10.02.2014
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Power trading

German coal power for export

Coal power continues to make up a large share of Germany's power generation, but the main culprit is often overlooked: power exports. Today, we take a look at German utility organization BDEW's comments on the issue, which confirm ours.

The charge that Germany is switching to coal power to replace nuclear is widespread not only in the Anglo world, but even in German. Recently, German weekly Die Zeit had this to say: "Despite gigantic investments in wind and solar energy, Germany is generating more and more coal power – and more and more greenhouse gases."

We have already talked about how carbon emissions are probably not up in the power sector for 2013, and over at EnergyTransition.de I recently talked about how power exports are the main reason behind the sustained high level of coal power generation in Germany – meaning that the Netherlands and France, in particular, are the main culprits. Obviously, such statements quickly get you labeled as a spin doctor, so I wanted to share with you the findings of German utility organization BDEW (see this PDF in German from January).

First, there is this chart showing that the share of renewables in "gross power generation" was 23.4 percent in 2013.

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BDEW

Next, we have a chart showing that renewables made up around 25 percent of "gross domestic power consumption."

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BDEW

Notice also the difference in terawatt-hours in the two charts: 629 TWh in the top chart for gross power generation, compared to 596 TWh for power consumption. The difference is 33 TWh, the amount that Germany exported (net) in 2013.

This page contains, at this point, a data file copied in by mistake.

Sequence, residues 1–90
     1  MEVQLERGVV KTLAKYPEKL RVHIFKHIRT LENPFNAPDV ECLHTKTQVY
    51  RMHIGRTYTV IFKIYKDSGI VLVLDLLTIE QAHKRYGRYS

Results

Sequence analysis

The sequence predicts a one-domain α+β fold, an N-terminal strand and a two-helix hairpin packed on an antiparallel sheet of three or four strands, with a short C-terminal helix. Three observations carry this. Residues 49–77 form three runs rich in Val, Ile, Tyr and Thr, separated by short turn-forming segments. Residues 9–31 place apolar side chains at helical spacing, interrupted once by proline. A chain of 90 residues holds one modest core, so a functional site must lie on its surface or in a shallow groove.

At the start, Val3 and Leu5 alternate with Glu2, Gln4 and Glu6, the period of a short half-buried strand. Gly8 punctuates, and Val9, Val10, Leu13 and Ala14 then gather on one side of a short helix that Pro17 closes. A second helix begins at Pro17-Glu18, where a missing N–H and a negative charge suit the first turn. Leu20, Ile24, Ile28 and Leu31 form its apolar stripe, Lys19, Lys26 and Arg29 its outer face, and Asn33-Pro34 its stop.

In other words, the BDEW subtracts power exports from "conventional and nuclear energy" (the big red piece of the second pie). The result is a noticeably larger share of renewables in terms of domestic power consumption.

The organization has no choice in displaying the figures this way, nor did I in my recent article. The BDEW and I are both just reporting the facts: renewable electricity has a priority on the German grid and offsets conventional power generation. Net power exports directly increase power generation from conventional plants.

That's not to say, however, that France and the Netherlands are ordering power directly from German coal plants. Rather, they simply export electricity from Germany, and what they get is the German power mix at that given minute – or, as the BDEW put it in a background paper published on January 14 entitled (in German) "Power trading between Germany and neighboring countries" (PDF):